Trust the Gut

Went to a garden party to reminisce with my old friends
A chance to share old memories and play our songs again
When I got to the garden party, they all knew my name
No one recognized me, I didn’t look the same

But it’s all right now, I learned my lesson well
You see, ya can’t please everyone, so ya got to please yourself

-From Garden Party by Ricky Nelson-

Well, okay, it wasn’t a garden party. It was my high school’s 45th reunion. My first high school reunion. It was a fun evening…a little surreal. So many unfamiliar faces. Thankfully name tags were provided with our high school yearbook picture attached. But even then…there were so many names and faces I didn’t remember. Our class was a big one, over 450 graduates, so there were a lot a classmates I didn’t even know then, let alone 45 years later.

A few in our class have gone on to make a living in the arts. Several good musicians from our class would be providing a steady stream of 70’s rock ’n’ roll through out the evening. I was asked in advance to share a monologue, since I am a professional actor/storyteller. I declined, feeling that the venue would not have been conducive for what I do. Live music can work in a party atmosphere; a dramatic or even comedic monologue, not so much. A second request was made for me to share a story. I stewed about it a bit, tried to imagine it going well…I finally agreed. I should have trusted my first instinct and stuck to the “no thank you.”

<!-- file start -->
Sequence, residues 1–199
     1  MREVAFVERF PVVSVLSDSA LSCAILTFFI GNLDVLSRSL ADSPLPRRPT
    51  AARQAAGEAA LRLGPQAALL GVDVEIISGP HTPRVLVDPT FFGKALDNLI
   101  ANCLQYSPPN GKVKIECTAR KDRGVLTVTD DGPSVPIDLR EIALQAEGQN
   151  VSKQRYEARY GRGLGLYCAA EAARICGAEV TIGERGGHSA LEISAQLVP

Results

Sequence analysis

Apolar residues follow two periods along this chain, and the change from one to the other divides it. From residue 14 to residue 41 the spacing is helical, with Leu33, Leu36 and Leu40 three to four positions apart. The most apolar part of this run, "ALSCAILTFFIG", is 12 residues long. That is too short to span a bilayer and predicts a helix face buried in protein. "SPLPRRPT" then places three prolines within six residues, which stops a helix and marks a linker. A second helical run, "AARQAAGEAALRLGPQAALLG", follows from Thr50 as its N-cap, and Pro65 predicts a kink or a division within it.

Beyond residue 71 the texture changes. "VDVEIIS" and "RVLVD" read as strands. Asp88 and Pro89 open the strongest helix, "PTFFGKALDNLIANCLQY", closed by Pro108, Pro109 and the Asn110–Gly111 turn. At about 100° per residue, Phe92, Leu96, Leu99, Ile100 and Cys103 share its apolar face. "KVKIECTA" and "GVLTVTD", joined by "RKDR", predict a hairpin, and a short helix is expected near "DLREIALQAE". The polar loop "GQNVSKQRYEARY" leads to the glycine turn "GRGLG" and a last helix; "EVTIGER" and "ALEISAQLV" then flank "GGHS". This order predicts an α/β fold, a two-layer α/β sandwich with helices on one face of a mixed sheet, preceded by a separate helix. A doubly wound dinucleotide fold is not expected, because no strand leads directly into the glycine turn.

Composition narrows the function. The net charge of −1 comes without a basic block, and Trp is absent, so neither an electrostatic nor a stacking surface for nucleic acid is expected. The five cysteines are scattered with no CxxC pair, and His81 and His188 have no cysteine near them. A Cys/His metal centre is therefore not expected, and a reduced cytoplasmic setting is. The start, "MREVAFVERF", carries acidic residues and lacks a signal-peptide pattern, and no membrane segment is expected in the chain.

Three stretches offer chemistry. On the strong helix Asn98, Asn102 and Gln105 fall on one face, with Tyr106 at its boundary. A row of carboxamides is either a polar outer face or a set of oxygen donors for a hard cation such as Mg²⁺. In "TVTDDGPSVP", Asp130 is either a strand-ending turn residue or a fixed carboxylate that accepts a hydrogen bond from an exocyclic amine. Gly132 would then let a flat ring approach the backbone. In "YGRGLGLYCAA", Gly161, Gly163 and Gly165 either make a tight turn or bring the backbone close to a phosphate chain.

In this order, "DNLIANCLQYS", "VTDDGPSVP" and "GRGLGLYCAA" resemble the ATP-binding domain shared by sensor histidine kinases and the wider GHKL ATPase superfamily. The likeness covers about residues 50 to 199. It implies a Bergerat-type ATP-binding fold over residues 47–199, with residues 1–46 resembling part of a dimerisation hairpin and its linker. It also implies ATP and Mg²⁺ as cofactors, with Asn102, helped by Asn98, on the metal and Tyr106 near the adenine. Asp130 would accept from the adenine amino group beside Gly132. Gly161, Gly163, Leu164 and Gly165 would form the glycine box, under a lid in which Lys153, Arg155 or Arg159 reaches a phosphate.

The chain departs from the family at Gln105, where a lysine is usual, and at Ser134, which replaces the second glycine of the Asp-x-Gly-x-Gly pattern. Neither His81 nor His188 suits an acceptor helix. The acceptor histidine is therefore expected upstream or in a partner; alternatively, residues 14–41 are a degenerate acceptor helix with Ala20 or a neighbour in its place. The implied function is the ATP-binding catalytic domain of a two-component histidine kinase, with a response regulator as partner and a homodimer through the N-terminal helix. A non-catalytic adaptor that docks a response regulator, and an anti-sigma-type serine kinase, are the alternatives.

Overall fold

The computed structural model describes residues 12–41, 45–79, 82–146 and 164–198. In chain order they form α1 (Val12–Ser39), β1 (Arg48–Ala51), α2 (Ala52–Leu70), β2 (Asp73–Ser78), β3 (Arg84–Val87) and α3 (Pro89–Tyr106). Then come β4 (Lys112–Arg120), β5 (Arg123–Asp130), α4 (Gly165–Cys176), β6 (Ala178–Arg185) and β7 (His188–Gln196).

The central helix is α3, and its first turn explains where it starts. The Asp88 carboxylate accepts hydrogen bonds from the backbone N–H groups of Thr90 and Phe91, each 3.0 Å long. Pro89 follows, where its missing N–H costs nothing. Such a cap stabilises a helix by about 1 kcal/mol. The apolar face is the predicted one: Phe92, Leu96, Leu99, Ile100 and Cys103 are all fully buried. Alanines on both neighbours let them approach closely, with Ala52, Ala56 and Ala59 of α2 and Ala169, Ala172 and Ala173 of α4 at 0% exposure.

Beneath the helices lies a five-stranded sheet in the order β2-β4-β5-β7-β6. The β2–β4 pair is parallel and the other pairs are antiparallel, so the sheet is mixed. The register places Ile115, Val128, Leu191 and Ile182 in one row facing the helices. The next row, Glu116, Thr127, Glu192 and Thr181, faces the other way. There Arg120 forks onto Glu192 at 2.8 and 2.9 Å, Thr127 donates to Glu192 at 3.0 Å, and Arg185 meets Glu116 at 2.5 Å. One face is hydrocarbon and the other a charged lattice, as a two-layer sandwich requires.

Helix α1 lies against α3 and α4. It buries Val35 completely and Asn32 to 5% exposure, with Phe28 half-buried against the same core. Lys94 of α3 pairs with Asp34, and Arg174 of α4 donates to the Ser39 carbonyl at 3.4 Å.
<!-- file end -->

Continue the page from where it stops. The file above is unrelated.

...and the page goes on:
I picked a short story from my life that I thought might connect. I spent some time reworking it and even including a few references to classmates and events from 45 years ago. As a performer you try to envision the best possible scenario but also prepare yourself for the worst.